Pluto and its five known moons have been transformed from mysterious, barely resolved or unresolved points of light, only dimly viewed from very far away, to astonishing worlds of unimagined complexity by the recent visit of the small interplanetary probe called New Horizons. Pluto, with its icy plains, mountains, flowing glaciers, and hazy atmosphere, and Charon, only half as large but dramatically different, are revealed in amazing detail by the instruments on New Horizons.
A field of physics that is growing in interest worldwide that tackles such astrophysical phenomena as the source of violent space weather and the formation of stars.
Binary compact object mergers are among the primary gravitational wave sources expected to be observed by the next generation of ground-based gravitational wave detectors.
Since 2015 marks the fiftieth anniversary of the discovery of the cosmic microwave background (CMB), I will begin by analyzing the very early experiments that established the properties of the CMB. What experimental problems did we face, and how did we overcome them? As CMB measurements grew more sensitive, new sources of systematic error and new foregrounds emerged. I'll describe the techniques CMB observers have evolved over the years to cope with them.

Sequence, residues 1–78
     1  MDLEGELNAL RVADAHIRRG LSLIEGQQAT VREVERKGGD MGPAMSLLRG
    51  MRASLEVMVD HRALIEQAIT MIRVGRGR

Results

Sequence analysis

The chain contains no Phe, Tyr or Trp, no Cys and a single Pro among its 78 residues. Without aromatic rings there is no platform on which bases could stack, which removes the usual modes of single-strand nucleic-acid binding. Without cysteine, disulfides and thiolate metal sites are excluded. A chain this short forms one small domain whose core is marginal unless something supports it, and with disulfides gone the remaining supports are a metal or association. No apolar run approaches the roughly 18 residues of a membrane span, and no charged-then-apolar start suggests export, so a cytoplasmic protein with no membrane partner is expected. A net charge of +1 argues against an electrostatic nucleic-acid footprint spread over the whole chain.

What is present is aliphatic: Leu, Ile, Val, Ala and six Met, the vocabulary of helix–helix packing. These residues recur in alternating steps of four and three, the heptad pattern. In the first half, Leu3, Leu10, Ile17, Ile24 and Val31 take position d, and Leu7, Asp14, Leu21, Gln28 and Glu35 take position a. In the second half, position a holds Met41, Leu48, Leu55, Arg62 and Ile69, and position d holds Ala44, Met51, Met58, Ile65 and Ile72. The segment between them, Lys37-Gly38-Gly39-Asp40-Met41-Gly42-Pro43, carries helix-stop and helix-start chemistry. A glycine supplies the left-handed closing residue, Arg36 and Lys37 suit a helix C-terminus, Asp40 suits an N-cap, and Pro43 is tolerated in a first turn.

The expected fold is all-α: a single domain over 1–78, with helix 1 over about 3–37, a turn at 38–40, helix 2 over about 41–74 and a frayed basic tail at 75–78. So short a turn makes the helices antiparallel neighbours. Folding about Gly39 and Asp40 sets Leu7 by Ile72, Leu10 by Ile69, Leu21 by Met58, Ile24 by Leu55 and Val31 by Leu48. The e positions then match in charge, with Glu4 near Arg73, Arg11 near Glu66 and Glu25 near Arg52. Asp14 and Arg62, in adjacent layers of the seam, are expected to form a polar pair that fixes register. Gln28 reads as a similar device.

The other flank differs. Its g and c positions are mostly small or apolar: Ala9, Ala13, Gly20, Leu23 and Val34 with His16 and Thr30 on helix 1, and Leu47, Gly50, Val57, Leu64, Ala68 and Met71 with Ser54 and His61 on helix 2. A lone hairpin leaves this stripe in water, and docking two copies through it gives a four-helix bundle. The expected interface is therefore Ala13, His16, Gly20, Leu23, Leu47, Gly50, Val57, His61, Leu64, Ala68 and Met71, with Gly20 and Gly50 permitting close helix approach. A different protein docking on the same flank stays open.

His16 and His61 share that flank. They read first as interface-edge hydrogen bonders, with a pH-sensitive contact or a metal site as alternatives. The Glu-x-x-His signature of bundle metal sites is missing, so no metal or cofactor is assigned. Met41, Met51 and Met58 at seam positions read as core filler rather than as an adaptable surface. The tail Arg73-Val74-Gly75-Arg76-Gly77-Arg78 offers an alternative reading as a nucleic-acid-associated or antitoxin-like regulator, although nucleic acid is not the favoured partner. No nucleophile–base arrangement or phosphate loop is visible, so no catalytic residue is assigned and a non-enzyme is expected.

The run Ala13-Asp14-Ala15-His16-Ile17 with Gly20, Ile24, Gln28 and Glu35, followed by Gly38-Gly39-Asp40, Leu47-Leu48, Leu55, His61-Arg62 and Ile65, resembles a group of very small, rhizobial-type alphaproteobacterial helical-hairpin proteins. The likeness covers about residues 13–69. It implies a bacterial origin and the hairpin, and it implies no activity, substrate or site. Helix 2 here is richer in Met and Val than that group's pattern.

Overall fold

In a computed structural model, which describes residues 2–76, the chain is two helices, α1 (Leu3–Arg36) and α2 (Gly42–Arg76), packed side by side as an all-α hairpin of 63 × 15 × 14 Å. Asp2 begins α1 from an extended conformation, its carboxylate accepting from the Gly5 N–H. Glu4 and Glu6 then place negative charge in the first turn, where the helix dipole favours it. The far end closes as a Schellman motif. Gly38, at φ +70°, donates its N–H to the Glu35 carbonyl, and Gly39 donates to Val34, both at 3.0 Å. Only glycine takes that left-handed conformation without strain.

The study of the Sun, our nearest star, is making rapid progress, through a combination of a host of new space-based and ground-based observatories coming online and major advances in numerical simulations that incorporate increasingly complex physical mechanisms. I will provide an overview of some recent exciting discoveries that highlight the synergy between numerical modeling and observations with the Interface Region Imaging Spectrograph (IRIS), Solar Dynamics Observatory (SDO) and Hinode spacecraft. Some of the topics I will discuss include: 1.
Masaaki Yamada, a Distinguished Laboratory Research Fellow at the U.S. Department of Energy's Princeton Plasma Physics Laboratory (PPPL), has won the 2015 James Clerk Maxwell Prize in Plasma Physics. The award from the American Physical Society (APS) Division of Plasma Physics recognized Yamada for "fundamental experimental studies of magnetic reconnection relevant to space, astrophysical and fusion plasmas, and for pioneering contributions to the field of laboratory plasma astrophysics."
The NASA Magnetospheric Multiscale Mission was developed and launched on March 12, 2015 to conduct a definitive experiment on magnetic reconnection in the boundary regions of the Earth’s magnetosphere. The focus is on understanding phenomena in the reconnection diffusion region that cause solar-wind and magnetospheric magnetic fields to merge, thereby releasing magnetic energy and accelerating charged particles.
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